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Anti-Semitic Wagner letter up for sale in Jerusalem

Composer Richard Wagner founded the Bayreuth Festival, dedicated exclusively to the performance of his works, in 1876
CHRISTOF STACHE (AFP)
Richard Wagner was Adolf Hitler's favorite composer

A letter penned by Richard Wagner warning of Jewish influence in culture will be auctioned next week in Israel, where public performances of German anti-Semitic composer's works are effectively banned.

Wagner, whose  grandiose and nationalistic 19th century work is infused with anti-Semitism, misogyny and proto-Nazi ideas of racial purity, was Adolf Hitler's favorite composer.

While there is no law in Israel banning his works from being played in Israel, orchestras and venues refrain from doing so because of the public outcry and disturbances accompanying past attempts.

Tuesday's sale of the handwritten letter, dated April 25, 1869 and addressed to French philosopher Edouard Schure, could rekindle the debate in Israel on the controversial composer.  

Wagner wrote in the letter that Jewish assimilation into French society prevents the observation of "the corroding influence of the Jewish spirit on modern culture", adding that the French know "very little" about the Jews.

In 1850, Wagner published under a pseudonym his infamous anti-Semitic pamphlet, "Judaism in Music", in which he lambasted Jews. It was re-issued in 1869 under his full name.

Meron Eren, a co-founder and owner of the Kedem auction house which will be selling the letter on Tuesday, said this was the first time he was dealing with a Wagner item.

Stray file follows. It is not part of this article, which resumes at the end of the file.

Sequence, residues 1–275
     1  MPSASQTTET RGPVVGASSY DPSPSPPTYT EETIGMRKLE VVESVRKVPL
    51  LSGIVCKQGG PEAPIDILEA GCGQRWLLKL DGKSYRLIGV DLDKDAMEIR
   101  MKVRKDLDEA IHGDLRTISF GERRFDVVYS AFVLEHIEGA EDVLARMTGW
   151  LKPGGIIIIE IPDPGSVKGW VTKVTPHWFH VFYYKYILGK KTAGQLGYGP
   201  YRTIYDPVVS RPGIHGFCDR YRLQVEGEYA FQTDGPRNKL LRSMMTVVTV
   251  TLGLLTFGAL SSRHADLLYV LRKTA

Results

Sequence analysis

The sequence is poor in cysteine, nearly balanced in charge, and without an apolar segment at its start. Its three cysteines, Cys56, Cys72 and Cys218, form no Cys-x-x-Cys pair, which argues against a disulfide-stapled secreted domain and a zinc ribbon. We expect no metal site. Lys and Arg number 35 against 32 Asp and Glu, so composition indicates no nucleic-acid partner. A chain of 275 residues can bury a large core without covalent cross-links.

"Wagner would roll over in his grave" if he knew that a bearded Jew in Jerusalem was going to profit from his letter, Eren said.

Ruth HaCohen, a musicology professor at Hebrew University, said the letter shows Wagner's desire to have his anti-Semitic views accepted by the public, describing its sale in Jerusalem of all places an "irony".

But there are those in Israel who are trying to break the taboo surrounding Wagner and promote his music, like Jonathan Livny, an attorney and hear of the Israel Wagner Society.

He said although Israelis embrace German products like Volkswagen and Mercedes cars and Israeli trains and submarines are made in Germany, they continue to boycott Wagner.

"It's easy to boycott him because most of the people don't listen to his music," said Livny.

Wagner has become a "symbol of the Holocaust", Livny added

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